After the war he continued his teacher training and worked from 1 August 1919 as a primary-school teacher in Lohne, at that time in the county of Lingen, now in the county of Bentheim. From May 1920 he worked in Klein Berssen in the former County of Hümmling, now Emsland, and from August 1920 in Nahne, which has been a part of Osnabrück since 1972. On 20 November 1920 he applied for leave of absence from teaching.

He worked at a number of different jobs in this phase of his life, including librarian, businessman, journalist, and editor. His first paid writing job was as a technical writer for the Continental Rubber Company, a German tire manufacturer.[12]

Writing career

Remarque had made his first attempts at writing at the age of 16. Among them were essays, poems, and the beginnings of a novel that was finished later and published in 1920 as The Dream Room (Die Traumbude). Between 1923 and 1926 he also scripted a comic series, Die Contibuben, drawn by Hermann Schütz, published in the magazine Echo Continental, a publication by the rubber and tire company Continental AG.[13]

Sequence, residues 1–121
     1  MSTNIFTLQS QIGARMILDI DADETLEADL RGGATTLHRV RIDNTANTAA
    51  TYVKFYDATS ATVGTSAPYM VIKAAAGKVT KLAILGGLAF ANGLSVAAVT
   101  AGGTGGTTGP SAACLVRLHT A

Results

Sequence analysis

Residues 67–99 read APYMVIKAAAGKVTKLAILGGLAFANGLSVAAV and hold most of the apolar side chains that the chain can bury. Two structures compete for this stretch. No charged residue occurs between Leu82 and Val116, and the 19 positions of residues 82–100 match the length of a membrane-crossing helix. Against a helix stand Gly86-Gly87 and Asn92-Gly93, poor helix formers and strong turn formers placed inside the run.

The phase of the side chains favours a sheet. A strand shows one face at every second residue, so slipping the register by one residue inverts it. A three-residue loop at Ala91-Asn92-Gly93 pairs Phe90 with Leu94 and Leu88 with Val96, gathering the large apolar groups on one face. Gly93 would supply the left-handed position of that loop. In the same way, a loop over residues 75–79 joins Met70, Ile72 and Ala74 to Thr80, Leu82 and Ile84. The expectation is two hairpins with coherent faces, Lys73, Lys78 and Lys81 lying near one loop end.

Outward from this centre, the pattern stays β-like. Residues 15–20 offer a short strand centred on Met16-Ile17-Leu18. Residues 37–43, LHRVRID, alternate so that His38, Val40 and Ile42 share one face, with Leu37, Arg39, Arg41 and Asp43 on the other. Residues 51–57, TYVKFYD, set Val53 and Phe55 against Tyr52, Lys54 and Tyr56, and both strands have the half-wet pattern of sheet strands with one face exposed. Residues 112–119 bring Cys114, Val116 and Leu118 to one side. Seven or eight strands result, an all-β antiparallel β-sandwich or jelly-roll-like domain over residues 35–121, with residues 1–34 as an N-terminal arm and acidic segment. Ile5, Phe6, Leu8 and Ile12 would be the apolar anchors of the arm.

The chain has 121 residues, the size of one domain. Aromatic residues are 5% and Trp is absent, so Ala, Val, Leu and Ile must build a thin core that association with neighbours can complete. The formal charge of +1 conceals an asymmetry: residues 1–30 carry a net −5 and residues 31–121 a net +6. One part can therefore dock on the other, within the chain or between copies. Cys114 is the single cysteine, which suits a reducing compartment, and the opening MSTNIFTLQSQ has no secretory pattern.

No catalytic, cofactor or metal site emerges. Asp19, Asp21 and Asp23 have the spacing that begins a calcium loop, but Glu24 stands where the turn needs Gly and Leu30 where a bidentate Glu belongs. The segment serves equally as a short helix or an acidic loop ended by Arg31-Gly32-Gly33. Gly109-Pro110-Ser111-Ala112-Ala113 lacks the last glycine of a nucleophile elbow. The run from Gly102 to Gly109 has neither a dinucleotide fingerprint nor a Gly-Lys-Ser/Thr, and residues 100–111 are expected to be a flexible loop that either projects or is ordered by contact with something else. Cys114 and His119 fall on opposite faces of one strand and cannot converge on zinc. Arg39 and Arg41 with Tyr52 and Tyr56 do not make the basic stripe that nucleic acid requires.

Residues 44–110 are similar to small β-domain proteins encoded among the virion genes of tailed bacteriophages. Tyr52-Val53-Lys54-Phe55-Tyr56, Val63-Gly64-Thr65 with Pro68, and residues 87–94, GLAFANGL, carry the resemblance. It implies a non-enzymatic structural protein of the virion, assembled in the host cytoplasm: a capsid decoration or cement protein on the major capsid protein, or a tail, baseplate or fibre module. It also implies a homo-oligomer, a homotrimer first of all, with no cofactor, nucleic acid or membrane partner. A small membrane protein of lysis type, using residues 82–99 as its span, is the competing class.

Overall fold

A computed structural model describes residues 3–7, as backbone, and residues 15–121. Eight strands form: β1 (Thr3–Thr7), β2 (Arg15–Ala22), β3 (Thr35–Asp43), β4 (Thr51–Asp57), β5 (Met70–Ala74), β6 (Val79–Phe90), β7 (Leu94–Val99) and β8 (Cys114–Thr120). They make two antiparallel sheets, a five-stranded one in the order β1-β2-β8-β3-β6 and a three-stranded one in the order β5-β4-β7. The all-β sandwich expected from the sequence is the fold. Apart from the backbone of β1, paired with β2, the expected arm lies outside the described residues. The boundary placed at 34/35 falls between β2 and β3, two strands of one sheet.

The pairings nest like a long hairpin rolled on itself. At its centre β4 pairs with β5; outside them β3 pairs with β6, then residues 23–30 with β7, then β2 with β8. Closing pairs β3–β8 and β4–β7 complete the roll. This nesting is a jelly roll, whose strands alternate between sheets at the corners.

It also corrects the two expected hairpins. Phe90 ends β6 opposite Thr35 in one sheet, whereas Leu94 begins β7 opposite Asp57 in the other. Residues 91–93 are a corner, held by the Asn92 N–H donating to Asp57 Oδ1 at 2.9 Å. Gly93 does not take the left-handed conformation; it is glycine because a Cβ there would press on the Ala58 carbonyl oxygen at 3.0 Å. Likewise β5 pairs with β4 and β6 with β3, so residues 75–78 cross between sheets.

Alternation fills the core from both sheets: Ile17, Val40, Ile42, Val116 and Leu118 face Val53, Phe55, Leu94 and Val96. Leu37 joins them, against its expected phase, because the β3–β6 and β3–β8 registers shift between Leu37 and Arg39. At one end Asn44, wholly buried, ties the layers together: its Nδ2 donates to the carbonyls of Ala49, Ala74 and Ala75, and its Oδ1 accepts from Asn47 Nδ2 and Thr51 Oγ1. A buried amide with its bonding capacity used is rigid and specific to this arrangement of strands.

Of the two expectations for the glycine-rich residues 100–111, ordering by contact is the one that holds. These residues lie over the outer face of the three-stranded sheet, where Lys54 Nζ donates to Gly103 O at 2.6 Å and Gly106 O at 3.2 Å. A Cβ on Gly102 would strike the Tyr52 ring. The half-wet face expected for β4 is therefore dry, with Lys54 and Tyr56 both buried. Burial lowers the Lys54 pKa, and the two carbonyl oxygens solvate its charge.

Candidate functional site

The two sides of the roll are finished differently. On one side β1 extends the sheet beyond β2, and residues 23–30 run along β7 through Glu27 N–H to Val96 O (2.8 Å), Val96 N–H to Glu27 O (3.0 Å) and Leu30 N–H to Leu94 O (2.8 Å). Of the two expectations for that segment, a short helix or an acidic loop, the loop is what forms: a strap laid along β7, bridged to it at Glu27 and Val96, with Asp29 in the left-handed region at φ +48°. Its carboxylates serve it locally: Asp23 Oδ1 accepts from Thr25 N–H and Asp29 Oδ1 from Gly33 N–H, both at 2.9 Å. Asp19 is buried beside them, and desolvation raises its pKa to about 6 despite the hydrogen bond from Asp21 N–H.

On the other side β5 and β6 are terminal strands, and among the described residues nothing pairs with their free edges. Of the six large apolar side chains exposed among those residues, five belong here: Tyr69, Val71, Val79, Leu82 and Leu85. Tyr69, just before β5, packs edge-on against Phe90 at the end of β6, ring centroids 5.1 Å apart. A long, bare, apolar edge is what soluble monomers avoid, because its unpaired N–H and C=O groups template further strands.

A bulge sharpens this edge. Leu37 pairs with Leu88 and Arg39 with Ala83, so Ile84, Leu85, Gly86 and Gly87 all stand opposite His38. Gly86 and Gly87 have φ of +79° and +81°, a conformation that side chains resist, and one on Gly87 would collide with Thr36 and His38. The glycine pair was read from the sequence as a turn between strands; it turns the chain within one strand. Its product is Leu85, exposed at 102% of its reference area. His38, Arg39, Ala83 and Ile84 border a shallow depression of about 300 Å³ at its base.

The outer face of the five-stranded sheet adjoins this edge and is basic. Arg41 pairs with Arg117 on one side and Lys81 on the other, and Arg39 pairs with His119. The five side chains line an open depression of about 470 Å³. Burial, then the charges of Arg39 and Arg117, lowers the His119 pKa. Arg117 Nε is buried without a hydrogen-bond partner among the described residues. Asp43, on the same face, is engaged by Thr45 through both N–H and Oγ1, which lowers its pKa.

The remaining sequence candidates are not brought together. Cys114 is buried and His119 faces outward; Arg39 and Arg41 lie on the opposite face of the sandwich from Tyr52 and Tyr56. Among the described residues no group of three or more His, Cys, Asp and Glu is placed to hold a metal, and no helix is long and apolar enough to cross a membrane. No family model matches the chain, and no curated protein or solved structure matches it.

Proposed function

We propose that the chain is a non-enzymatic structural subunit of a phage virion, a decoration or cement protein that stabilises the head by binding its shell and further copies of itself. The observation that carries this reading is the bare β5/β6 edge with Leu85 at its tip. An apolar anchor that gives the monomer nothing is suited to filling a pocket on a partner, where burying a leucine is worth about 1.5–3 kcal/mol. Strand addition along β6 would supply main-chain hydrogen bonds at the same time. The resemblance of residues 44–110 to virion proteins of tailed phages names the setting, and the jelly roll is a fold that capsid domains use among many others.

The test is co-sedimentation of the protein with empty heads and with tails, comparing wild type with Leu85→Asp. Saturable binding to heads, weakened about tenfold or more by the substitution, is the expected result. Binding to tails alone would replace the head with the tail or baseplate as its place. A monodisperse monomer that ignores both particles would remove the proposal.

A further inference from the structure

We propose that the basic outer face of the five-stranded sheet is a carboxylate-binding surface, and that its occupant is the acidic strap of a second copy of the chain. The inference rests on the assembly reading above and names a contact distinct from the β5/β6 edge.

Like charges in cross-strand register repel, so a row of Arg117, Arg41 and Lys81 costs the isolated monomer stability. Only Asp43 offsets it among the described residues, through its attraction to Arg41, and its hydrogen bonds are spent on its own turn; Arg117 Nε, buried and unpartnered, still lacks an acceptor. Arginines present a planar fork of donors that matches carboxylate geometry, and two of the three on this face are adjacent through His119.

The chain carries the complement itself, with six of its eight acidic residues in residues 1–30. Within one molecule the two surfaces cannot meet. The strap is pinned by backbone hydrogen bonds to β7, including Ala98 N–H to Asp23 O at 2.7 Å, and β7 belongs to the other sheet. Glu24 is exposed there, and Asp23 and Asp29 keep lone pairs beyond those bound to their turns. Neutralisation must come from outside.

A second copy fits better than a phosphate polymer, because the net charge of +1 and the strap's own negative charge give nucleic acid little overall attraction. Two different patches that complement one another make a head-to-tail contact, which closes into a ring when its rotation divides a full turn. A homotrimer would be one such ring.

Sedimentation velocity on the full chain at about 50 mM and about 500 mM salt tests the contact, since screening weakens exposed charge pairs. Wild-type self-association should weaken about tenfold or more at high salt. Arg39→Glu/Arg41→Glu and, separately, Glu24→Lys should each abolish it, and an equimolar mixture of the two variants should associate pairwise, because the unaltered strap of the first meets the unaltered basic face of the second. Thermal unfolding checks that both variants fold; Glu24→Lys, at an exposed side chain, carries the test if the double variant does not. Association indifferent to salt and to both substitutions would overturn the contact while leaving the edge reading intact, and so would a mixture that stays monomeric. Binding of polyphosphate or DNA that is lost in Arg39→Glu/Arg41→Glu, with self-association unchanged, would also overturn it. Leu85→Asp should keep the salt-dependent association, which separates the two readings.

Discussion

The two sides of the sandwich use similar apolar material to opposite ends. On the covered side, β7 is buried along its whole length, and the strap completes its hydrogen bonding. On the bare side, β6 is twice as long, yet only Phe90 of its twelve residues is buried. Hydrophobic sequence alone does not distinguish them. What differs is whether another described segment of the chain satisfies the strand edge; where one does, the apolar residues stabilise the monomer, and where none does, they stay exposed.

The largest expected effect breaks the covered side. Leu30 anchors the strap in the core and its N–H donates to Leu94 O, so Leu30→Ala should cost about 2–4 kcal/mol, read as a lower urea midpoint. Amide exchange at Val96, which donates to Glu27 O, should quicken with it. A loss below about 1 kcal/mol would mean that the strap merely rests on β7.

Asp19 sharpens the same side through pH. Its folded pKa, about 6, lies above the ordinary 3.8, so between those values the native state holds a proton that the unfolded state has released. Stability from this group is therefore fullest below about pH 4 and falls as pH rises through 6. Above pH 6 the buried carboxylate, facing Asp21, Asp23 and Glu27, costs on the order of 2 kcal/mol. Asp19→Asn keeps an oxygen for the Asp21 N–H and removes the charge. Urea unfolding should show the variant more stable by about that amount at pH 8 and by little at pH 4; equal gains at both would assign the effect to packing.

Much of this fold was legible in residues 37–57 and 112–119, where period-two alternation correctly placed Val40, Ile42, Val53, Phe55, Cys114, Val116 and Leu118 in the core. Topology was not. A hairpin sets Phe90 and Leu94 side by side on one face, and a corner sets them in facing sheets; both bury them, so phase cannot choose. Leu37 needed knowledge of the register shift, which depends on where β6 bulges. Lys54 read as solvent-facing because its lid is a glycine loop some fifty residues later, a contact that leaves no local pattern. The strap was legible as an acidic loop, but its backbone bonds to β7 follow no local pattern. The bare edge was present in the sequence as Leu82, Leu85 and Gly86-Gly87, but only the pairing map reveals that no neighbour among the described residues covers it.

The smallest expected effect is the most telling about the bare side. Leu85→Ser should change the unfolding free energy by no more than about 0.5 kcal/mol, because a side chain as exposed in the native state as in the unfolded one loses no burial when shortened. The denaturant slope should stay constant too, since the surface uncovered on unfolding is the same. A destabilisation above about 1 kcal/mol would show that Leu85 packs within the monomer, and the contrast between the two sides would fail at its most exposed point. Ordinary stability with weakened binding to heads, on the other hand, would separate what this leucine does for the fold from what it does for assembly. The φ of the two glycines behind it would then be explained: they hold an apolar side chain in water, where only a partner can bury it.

After coming back from the war, the atrocities of war along with his mother's death caused him a great deal of mental trauma and grief. In later years as a professional writer, he started using "Maria" as his middle name instead of "Paul", to commemorate his mother.[5] When he published All Quiet on the Western Front, he had his surname reverted to an earlier spelling – from Remark to Remarque – to disassociate himself from his novel Die Traumbude.[6]